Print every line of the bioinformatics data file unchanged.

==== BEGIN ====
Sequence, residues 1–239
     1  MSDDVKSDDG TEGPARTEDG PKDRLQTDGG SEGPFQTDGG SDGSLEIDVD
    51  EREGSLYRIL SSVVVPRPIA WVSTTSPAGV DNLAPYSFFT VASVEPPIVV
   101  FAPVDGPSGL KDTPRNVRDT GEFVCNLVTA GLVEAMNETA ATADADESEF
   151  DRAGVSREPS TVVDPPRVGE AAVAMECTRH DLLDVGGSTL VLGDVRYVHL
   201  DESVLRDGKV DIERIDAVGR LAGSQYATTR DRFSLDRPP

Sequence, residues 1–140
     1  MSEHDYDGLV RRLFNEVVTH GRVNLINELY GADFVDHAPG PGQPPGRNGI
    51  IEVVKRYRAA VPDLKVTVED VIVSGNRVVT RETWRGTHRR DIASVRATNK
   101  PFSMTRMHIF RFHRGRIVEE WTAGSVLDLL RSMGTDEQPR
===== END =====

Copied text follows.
Sequence, residues 1–239
     1  MSDDVKSDDG TEGPARTEDG PKDRLQTDGG SEGPFQTDGG SDGSLEIDVD
    51  EREGSLYRIL SSVVVPRPIA WVSTTSPAGV DNLAPYSFFT VASVEPPIVV
   101  FAPVDGPSGL KDTPRNVRDT GEFVCNLVTA GLVEAMNETA ATADADESEF
   151  DRAGVSREPS TVVDPPRVGE AAVAMECTRH DLLDVGGSTL VLGDVRYVHL
   201  DESVLRDGKV DIERIDAVGR LAGSQYATTR DRFSLDRPP

Sequence, residues 1–140
     1  MSEHDYDGLV RRLFNEVVTH GRVNLINELY GADFVDHAPG PGQPPGRNGI
    51  IEVVKRYRAA VPDLKVTVED VIVSGNRVVT RETWRGTHRR DIASVRATNK
   101  PFSMTRMHIF RFHRGRIVEE WTAGSVLDLL RSMGTDEQPR